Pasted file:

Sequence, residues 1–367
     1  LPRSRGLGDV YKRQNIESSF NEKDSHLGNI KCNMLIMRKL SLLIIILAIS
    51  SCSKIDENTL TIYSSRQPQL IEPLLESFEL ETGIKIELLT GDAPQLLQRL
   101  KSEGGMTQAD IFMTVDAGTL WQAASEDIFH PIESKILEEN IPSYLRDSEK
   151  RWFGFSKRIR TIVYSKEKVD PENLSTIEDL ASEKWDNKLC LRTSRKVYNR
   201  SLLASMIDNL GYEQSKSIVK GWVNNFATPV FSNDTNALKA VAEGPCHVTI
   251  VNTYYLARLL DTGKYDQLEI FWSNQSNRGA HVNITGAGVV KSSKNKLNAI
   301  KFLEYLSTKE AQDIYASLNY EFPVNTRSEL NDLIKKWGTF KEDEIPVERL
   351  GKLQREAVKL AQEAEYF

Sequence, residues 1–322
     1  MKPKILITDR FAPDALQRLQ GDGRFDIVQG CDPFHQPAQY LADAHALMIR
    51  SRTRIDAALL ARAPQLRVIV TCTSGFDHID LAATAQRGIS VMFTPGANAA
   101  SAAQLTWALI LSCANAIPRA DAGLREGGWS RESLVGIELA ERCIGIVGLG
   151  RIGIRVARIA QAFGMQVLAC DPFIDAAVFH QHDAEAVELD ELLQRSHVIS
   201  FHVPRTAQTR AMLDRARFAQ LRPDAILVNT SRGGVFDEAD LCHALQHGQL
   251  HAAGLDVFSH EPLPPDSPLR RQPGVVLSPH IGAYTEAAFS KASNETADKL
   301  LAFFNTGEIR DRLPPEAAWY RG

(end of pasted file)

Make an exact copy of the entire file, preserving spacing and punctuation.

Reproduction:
Sequence, residues 1–367
     1  LPRSRGLGDV YKRQNIESSF NEKDSHLGNI KCNMLIMRKL SLLIIILAIS
    51  SCSKIDENTL TIYSSRQPQL IEPLLESFEL ETGIKIELLT GDAPQLLQRL
   101  KSEGGMTQAD IFMTVDAGTL WQAASEDIFH PIESKILEEN IPSYLRDSEK
   151  RWFGFSKRIR TIVYSKEKVD PENLSTIEDL ASEKWDNKLC LRTSRKVYNR
   201  SLLASMIDNL GYEQSKSIVK GWVNNFATPV FSNDTNALKA VAEGPCHVTI
   251  VNTYYLARLL DTGKYDQLEI FWSNQSNRGA HVNITGAGVV KSSKNKLNAI
   301  KFLEYLSTKE AQDIYASLNY EFPVNTRSEL NDLIKKWGTF KEDEIPVERL
   351  GKLQREAVKL AQEAEYF

Sequence, residues 1–322
     1  MKPKILITDR FAPDALQRLQ GDGRFDIVQG CDPFHQPAQY LADAHALMIR
    51  SRTRIDAALL ARAPQLRVIV TCTSGFDHID LAATAQRGIS VMFTPGANAA
   101  SAAQLTWALI LSCANAIPRA DAGLREGGWS RESLVGIELA ERCIGIVGLG
   151  RIGIRVARIA QAFGMQVLAC DPFIDAAVFH QHDAEAVELD ELLQRSHVIS
   201  FHVPRTAQTR AMLDRARFAQ LRPDAILVNT SRGGVFDEAD LCHALQHGQL
   251  HAAGLDVFSH EPLPPDSPLR RQPGVVLSPH IGAYTEAAFS KASNETADKL
   301  LAFFNTGEIR DRLPPEAAWY RG